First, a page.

(Originally published in the Medavie Blue Cross Health News newsletter)
Have you ever thought of keeping a medical journal? Most people never give it a moment’s thought… until they need to access important medical information and have no recorded data.
Keeping a medical journal or log is an important step to being a pro-active participant in your own health care or that of your family members. Whether to help you keep track of past illnesses, diseases, vaccinations and injuries, or simply to provide at-a-glance medical information for different family members, recording pertinent information in a medical journal could save your life or the life of someone you love. Having this information at your fingertips can help you remember important things such as who had their immunization, who has which allergies, etc.; details that can be life-altering during emergencies.
Keeping your health history is a great way to monitor health treatments and you’ll also have the information ready should you wish to discuss details with your physician. The log can contain anything relevant to your health such as your weight, height, any medical conditions, a list of medications and their prescribed use, past illnesses and surgeries, etc.
A journal doesn’t have to be fancy or complicated; a simple notebook or three-ring binder will do. The following steps will help you set up your medical journal:
- Begin by recording personal information and vital statistics such as date of birth, height, weight, blood type, blood pressure, current prescribed medications, treatments you are currently undergoing. You may also wish to include information on glasses/contacts and possibly dental records as some dental conditions can affect general health.
- Record any information related to your doctor and any specialists you may be seeing such as time/date/reason for visit, any tests/screening you may be undergoing and date of next appointment. Don’t forget to list your doctor’s phone number and address and contact information for your pharmacy if it keeps an electronic history of your prescriptions. You may also wish to include your physiotherapist, dentist, chiropractor, etc.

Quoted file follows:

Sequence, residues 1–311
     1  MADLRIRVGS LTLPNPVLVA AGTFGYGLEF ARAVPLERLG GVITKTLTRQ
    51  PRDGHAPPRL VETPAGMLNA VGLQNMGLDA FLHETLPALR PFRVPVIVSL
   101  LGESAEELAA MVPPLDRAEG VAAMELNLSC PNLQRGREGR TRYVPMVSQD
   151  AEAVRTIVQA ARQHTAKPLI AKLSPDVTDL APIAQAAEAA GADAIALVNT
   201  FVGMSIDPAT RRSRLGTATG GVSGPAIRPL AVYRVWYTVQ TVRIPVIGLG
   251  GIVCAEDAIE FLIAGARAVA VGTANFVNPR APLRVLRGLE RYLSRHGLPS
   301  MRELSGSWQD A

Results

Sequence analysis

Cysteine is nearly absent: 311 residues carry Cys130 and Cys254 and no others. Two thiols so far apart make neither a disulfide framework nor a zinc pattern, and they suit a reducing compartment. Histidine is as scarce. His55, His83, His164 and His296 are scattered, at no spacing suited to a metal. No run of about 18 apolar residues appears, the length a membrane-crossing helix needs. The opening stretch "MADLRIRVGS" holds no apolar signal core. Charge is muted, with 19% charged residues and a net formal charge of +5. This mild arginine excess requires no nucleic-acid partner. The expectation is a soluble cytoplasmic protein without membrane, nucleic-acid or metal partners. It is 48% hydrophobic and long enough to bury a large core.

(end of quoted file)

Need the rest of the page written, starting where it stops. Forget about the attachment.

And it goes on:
- Have a section called “Medically related phone calls and correspondence” where you record any phone calls you may have had with your doctor, nurse or clinic.
- A section should be dedicated to any prescribed medications including dosage, duration of treatment and reason for taking the medication, as some drugs are used for different indications. This will prove invaluable if a family member has to visit the emergency room where someone will surely ask what medications the person is taking.
- Have a heading in your journal called “Allergies and Interactions” where you list food and drug allergies (or any other allergies you may have) including details on the reactions you experience due to these allergies.
- Another section of your journal should contain details of any surgeries or procedures you may have had, such as exploratory surgery (make notes as to why you underwent this procedure), blood transfusions (and reason why), etc. Don’t forget to include the doctor’s name and contact number for each listing.
- Your next section should be called “Illnesses and Injuries” where you list things like chicken pox, swine flu, a broken leg, appendicitis (and whether you have one or not) and any information you feel may be relevant here. Ensure you record dates and treatments received for each illness/injury.
Remember to keep your medical journal up-to-date and record any information you feel is relevant to your health. You may also want to note in your journal changes in habits like quitting smoking, any major weight loss or gain, changes in diet or exercise habits, etc.
Whether you’re 16 or 65, it’s never too late to start a medical journal and being proactive by keeping a history of your health is another step towards being healthy and happy.